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17 of 18 people found the following review helpful
5.0 out of 5 stars A raw and inescapable book of lives as changeable as the sea itself .
Well written in two parts, the first two-thirds of this book is the story of Arthur, a young orphan shipped to Australia in 1947 without family or understanding. He has to leave behind everything he has ever known behind except for a "lucky key" he was given by his sister Kitty until the time they would be reunited, and the song London Bridge is Falling Down in his heart...
Published on 16 Feb 2008 by ELH Browning

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12 of 15 people found the following review helpful
3.0 out of 5 stars Good beginning but...
This is a book of two halves - as they say. The first half deals with little Arthur's life as he is shipped off to Australia as an orphan and how he fares there as he is put to work on a farm with the other boys. I must admit I found this half great with lovely characters, and I never knew what was around the corner for Arthur as he grows up and finds happiness and his...
Published on 1 Aug 2007 by A reader


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17 of 18 people found the following review helpful
5.0 out of 5 stars A raw and inescapable book of lives as changeable as the sea itself ., 16 Feb 2008
By 
ELH Browning "Esther-Lou" (Kingston Bagpuize, Oxon) - See all my reviews
(VINE VOICE)   
This review is from: Alone on a Wide Wide Sea (Paperback)
Well written in two parts, the first two-thirds of this book is the story of Arthur, a young orphan shipped to Australia in 1947 without family or understanding. He has to leave behind everything he has ever known behind except for a "lucky key" he was given by his sister Kitty until the time they would be reunited, and the song London Bridge is Falling Down in his heart. Although his first sea voyage is miserable and his first years in the outback desperately hard, he grows to love the sea, the Ancient Mariner is his bible, and he becomes a master boat-builder. Life then takes a dive into deep dark water where he flounders for some years before finding `dry land' once again.
The second section of the book has a far more contemporary style: it is largely a diary of one-way conversational e-mails sent back home from the boat on which Allie, Arthur's daughter, returns to England. This is a single handed sailing from Australia to England in her late teens, a sort-of Ellen MacAthur-esque narrative for junior readers -that doesn't pull its punches. It's a long and arduous journey: a grim, cold and wet trip retracing her father's steps, and the highs and lows of Allie's mood on that long solitary journey mirror the towering dangerous waves. It's a triumphant ending though as the story comes full circle and the meaning of the `lucky key' ties into the underlying spirit of the book.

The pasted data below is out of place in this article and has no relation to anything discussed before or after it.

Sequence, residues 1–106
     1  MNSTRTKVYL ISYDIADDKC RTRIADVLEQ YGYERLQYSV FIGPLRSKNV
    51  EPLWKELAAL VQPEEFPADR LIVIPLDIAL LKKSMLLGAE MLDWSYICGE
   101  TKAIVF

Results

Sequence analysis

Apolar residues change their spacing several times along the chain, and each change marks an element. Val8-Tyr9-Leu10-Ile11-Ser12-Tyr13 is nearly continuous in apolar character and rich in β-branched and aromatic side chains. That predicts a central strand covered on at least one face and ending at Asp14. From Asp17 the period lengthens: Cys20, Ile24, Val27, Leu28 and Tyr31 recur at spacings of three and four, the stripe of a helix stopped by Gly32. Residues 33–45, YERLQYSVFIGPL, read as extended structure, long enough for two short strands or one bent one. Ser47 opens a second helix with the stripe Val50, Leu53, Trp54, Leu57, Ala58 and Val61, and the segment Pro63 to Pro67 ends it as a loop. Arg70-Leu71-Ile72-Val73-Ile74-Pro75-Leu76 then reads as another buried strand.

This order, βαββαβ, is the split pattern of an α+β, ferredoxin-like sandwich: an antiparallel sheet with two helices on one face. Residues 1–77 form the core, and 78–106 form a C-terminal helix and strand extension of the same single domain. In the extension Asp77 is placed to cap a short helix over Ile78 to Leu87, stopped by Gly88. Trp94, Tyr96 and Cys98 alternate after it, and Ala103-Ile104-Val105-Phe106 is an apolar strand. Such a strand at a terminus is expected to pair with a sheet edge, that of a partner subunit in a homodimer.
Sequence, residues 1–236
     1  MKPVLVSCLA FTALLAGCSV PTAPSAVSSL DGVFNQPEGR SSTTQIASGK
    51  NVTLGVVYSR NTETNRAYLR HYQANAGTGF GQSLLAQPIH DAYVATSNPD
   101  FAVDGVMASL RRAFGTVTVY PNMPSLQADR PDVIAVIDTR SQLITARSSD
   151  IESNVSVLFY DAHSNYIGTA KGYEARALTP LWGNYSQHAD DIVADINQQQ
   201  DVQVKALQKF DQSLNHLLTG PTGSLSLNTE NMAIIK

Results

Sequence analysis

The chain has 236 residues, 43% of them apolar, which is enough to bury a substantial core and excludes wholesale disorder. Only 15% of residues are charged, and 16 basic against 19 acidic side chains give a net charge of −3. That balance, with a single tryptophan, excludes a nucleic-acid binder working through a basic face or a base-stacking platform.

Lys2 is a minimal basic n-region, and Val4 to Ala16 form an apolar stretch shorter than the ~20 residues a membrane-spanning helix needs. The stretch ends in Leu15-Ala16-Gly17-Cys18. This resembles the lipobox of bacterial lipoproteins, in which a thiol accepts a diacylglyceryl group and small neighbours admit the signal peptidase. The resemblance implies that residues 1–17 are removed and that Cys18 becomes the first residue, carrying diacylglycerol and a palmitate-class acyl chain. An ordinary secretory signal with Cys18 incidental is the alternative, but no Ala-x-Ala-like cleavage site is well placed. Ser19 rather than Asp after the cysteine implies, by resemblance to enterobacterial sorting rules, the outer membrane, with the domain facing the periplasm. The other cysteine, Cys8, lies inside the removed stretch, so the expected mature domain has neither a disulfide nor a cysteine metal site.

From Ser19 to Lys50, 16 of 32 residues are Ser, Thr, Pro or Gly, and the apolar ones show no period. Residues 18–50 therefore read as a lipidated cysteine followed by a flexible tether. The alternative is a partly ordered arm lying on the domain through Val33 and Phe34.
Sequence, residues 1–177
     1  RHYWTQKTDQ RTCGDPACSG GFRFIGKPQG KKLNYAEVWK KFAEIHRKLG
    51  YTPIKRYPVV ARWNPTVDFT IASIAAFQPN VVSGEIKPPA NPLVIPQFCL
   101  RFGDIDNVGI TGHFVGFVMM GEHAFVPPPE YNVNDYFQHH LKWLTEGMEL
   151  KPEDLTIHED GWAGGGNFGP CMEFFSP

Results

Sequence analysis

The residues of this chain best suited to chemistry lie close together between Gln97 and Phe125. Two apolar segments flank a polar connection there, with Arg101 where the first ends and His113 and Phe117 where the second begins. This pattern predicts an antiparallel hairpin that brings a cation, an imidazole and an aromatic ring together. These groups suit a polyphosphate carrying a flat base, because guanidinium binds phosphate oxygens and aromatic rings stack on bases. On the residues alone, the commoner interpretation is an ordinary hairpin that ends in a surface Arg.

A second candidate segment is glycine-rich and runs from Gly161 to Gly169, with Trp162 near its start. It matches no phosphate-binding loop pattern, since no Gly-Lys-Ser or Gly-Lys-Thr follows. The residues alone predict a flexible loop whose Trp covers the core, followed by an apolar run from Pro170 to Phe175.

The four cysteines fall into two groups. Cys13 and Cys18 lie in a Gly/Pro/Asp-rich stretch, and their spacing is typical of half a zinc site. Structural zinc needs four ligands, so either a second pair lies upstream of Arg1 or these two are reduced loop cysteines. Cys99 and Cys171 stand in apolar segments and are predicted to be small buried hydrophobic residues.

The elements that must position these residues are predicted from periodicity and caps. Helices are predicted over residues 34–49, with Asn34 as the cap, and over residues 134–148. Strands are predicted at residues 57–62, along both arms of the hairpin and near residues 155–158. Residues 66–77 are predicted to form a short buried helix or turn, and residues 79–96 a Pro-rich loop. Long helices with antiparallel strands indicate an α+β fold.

This vivid and realistic story, told in such different voices, interweaves the raw feeling of aloneness with the strength of family ties and raises the question of the importance of tracing who you are and where you came from, while glancing upon on a range of issues such as depression, gambling and cancer that drag you down as well as the things that lift you and give the strength and courage to go on. This raw and inescapable book will make you think and stretch your emotions - the lifes of Arthur and then Allie are as changeable in mood as the sea itself - rich fulfilling blues, dark jagged grey undercurrents & persistent stormy seas.
And if you enjoy this book (the first part in particular) the raw highs and lows of this, then you must try next the incredible Holes by Louis Sachar.
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24 of 26 people found the following review helpful
5.0 out of 5 stars Surpasses even Private Peaceful, 4 Mar 2007
By 
andintheend "abal" (Warwickshire, England) - See all my reviews
This is stunning. Having just finished reading it I'm feeling completely wrung-out and I am now on a mission to encourage every child and adult to read it too. The story is wholly compelling and works on so many levels. It's a book that could so easily give in to sentimentality but in Michael Murpurgo's capable hands it never approaches cloying. Instead you've got brilliant storylines with characters you really care about.

This deserves to win every book award it's eligible for. I'm an experienced childrens librarian and I'd say it's comfortably up there in my top five books ever!
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18 of 21 people found the following review helpful
5.0 out of 5 stars A FANTASTIC Book, 6 Jan 2007
By 
Paul "griffo155" (Biggin Hill, United Kingdom) - See all my reviews
(REAL NAME)   
I haven't read a book in donkey's years and I thought I should start the good habit up again. So I had a look around and bought this one, the best decision I could have made. I wanted something slightly different and this definitely offered that. As soon as I read the first paragraph I knew I was on to a winner. I know it's a cliche but I simply could not put it down I read the first hundred pages in one evening. The book is in two parts the first about Arthur Hobhouse and the second about allie. It gives a true and realistic insight in to the lives of children evacuated to Australia and the hell some had to live. I got slightly worried when I was reading about the conditions he had to live in but it soon picks up. Allie's story is extremly heart warming as she sets out to fulfil her Father's dream. A truely magnificent book and I hope this review encourages you to read it, but you can never get the true meaning from a book unless you read so here is a tip.

BUY THIS BOOK IT IS BRILLIANT.

Thank you

xxx
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2 of 2 people found the following review helpful
5.0 out of 5 stars Tear jerking, eye watering, AMAZING!, 12 July 2012
This review is from: Alone on a Wide Wide Sea (Paperback)